Recently I asked my kids, “What’s the most important thing in Judaism?” “Not to succumb to road rage?” my son offered, noting my impatience with the car in front of me. “It starts with L,” I prompted. “Laughter?”, “Learning?” and then “Leniency?” they tried as I remained silent.

I was looking for the other L word: love. “Why love?” they asked. “You don’t have to love; you can’t make someone love,” they said. Perhaps, but consider Rabbi Hillel’s response to a potential convert to summarize Judaism while standing on one foot: “Whatever is hateful to you, do not do to your neighbor. The rest is commentary; now go
and study.” Rabbi Akiva rephrased it, “Love is the most important teaching, and be sure to act on it. The rest will follow.” (aish.com)

“It’s the seeking that matters,” I try to explain, though I admit I struggle to embrace the value in the face of missed marks, self-doubt and insecurities. I’m challenged by the political climate, the unfairness of disease and untimely death, parenting & partnering, legitimate righteous anger as well as the smaller stuff like unwashed dishes, my
neighbor’s late-night parties, and slow drivers.

Sometimes it’s helpful to remember that Judaism expects, in fact requires we strive & struggle. The night before meeting his long-estranged brother Esau, Jacob battled an unnamed entity (an angel? God? Himself?). In the morning the unnamed one blessed him with a new name: Yisrael (wrestles with God). Like Jacob, we all wrestle the challenges and obstacles to finding love, living in love, understanding what love offers and demands of us. “Jacob wrestled with the angel and the battle left him with a limp and a new name. Jews collectively embrace the name Israel, because we will wrestle, even when it means that we may leave limping” (Chabad.org).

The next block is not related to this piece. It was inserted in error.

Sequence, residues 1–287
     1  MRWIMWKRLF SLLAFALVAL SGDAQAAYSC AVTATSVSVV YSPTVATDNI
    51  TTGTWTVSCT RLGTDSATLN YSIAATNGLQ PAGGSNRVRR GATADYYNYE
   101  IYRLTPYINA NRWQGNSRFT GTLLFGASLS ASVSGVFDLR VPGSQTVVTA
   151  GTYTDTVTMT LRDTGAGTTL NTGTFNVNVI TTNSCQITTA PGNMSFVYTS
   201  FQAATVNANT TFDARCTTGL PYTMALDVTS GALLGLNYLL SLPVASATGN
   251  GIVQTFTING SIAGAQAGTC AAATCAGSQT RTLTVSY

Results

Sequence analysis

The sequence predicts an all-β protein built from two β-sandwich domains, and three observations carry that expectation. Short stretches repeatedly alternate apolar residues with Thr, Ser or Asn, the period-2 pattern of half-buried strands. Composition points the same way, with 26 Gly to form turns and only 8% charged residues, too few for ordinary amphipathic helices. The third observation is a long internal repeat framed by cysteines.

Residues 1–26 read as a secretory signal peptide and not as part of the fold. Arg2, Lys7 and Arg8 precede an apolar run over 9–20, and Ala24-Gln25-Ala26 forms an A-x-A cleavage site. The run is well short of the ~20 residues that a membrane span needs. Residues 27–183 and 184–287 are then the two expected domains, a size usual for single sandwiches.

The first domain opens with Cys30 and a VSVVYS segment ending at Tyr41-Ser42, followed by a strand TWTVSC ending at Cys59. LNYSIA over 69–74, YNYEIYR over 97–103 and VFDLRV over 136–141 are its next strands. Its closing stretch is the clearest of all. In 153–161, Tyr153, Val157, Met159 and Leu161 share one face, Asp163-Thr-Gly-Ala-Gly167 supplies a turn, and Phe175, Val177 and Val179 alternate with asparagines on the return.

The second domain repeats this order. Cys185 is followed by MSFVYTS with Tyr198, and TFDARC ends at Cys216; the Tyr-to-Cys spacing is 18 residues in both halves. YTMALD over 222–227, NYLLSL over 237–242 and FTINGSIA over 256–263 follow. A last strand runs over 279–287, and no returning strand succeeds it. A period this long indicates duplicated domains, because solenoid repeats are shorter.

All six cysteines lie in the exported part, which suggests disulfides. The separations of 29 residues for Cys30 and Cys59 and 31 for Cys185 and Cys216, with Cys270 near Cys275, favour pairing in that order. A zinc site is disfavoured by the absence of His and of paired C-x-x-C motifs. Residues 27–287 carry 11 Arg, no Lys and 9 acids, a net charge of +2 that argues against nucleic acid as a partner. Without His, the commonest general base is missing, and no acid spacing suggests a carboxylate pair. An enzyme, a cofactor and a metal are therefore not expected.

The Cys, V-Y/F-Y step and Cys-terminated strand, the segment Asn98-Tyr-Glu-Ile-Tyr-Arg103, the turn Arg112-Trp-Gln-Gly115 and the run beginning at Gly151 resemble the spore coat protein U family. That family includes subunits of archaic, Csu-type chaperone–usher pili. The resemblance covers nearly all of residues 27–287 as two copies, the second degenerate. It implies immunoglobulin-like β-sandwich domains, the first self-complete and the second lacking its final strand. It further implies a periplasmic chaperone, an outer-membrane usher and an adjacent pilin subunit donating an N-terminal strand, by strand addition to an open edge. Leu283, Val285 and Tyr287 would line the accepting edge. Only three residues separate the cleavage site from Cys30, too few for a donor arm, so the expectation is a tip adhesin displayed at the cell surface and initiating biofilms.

We have many rings in which to wrestle the hard questions, doubts and fears. And we have reminders like the Mezzuzah; the bit of Torah scroll on our doorposts cuing us to V’ahavta (and you shall love). I do try to shed the stresses of my day to greet my family with kindness, laughter and love (OK, and leniency). Some rings are safer than others.

“We had such a good day last week,” said Morah Karen (aka Karen Bennett, CBE’s 3rd/ 4th grade religious school teacher). “They were all such mensches, every one of them. They care about each other even when they’re being a little loud & silly. ‘I just like to see my friends smile,’ they say.” What did they practice? Only the most important lesson Judaism has to offer. Round 1 to Love!

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